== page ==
My current read is Alan Weisman's "The World Without Us". It is a good read, important, informative, frightening and entertaining at the same time, and I highly recommend it to anyone (which really should be everyone) who cares about the current and future state of the planet.
Some chapters and paragraphs go into a little too much detail for my taste, in some others, I would have wanted to know more.
But why I am actually writing this blog today is because of the author calling the four-legged furry creature so many of us have living with them, Felis silvestris catus, a small serial killer.
He basically says that our pet cats are genetically identical with the small wild species still existing (albeit at very limited numbers) in Europe, Africa and some parts of Asia. In spite of having adapted over the past millenia to living alongside humans (to mutual benefit, I wish to add), they as a species have never lost their hunting instinct, and birds still fit their prey pattern very well.
Much as I like Alan Weisman's book, I can not agree with his affirmation that cats (at least those regularly fed by humans) kill birds purely out of bloodlust. Animals do not kill for bloodlust; that is an entirely human invention, I dare say. Animals kill out of instinct, for various reasons (prey to feed on, territorial fights, partner fights, and so on).
He further cites several statistics in the book: Compared to the doubling of human world population over the past 50 years, cat population has increased in the 20 years from 1970 to 1990 alone from 30 to 60 million. The average stray town cat will kill 28 birds a year (is that a lot? It is just a bit more than one every two weeks. Most humans eat, in terms of meat, the equivalent of more than one dead bird every two weeks - and we all know that the way these animals are usually raised and killed is entirely different from what we COULD do if we were willing to spend a bit more money on meat and not insist on buying the cheap stuff from the supermarket freezer).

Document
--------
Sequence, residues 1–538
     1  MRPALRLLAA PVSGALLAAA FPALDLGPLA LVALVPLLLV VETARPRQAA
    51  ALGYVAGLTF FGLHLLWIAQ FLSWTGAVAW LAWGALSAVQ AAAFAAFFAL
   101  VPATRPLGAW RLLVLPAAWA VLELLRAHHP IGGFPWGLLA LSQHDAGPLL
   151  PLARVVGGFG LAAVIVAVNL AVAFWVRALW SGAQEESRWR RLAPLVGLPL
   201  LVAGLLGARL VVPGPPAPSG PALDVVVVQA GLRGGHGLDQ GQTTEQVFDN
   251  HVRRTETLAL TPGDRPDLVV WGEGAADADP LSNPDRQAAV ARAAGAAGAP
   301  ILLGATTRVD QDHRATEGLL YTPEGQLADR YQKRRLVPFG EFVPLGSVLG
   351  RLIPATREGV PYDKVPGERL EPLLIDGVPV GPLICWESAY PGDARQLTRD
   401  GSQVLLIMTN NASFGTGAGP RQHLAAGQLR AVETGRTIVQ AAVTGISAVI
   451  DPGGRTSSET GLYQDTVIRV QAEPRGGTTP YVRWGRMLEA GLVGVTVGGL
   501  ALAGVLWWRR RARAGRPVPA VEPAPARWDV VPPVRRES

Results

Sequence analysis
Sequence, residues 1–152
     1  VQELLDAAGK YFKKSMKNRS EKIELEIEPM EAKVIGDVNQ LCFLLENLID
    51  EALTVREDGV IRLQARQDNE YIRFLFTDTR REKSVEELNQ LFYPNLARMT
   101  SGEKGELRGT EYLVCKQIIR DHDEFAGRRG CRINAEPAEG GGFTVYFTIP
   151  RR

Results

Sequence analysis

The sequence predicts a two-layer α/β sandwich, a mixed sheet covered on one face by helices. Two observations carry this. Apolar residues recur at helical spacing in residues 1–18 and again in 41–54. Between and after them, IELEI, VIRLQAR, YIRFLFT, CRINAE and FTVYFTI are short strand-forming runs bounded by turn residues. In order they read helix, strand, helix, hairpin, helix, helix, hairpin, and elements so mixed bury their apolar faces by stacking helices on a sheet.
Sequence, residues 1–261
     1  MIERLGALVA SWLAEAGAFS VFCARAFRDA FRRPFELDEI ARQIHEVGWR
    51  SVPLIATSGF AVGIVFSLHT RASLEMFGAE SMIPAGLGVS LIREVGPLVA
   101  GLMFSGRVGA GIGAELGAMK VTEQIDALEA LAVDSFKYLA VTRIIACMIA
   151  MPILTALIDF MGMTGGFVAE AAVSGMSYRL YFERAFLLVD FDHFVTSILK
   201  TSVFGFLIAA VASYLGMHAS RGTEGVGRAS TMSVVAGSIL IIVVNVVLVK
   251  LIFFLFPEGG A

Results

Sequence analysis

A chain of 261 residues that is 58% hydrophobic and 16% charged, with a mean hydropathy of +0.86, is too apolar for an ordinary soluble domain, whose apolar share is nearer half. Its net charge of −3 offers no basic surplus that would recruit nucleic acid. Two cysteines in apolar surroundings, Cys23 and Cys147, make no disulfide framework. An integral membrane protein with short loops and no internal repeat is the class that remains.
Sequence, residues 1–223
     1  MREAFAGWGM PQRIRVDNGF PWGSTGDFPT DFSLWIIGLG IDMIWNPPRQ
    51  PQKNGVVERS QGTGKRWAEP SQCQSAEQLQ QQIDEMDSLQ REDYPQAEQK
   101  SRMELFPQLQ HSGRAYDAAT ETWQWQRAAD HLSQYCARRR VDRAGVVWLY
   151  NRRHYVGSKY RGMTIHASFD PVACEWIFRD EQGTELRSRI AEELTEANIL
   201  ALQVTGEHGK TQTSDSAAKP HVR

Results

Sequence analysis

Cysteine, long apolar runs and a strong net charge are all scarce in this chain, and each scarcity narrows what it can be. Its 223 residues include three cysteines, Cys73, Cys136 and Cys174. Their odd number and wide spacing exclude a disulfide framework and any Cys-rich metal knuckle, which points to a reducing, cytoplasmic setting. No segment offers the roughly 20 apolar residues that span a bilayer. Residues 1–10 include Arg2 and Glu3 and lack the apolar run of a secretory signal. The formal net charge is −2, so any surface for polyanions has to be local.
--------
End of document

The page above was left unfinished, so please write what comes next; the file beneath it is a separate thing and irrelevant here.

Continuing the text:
The study he cites also states that cats living in the countryside will kill a lot more than those 28 birds per year. Examining the numbers for the state of Wisconsin, said study concluded that the roughly two million cats roaming the rural areas there were responsible for the death of more than 219 million birds/year.
A few pages before getting to the "furry serial killer" bit, the author writes of an estimated billion birds that smash themselves to death every year by flying into windows. Another 120 million get killed by humans on purpose. 80 million end up as a bloody mash on the cars and trucks speeding along our highways. A further half billion birds fly into sending masts, and an unspecified number gets killed by flying into the high voltage lines crossing our landscapes (not from the voltage, but from the impact). Add to that those poisoned by pesticides, and you don't even want to know the number anymore.
Cats are nasty little buggers with sharp teeth and claws, as selfish as they need to be, masking their nastiness behind their cuteness and beauty. But they are no different from other animals hunting and killing in that respect, and I repeat: they do it because it is their nature to do so.
I am glad to have my own little serial killer, who, in the 8 years she's been living with me now, has not even brought in a mouse, let alone a bird. She is a bit on the clumsy side, as opposed to my old cat Mimi, who brought mice in every day, and on a handful of occasions a bird.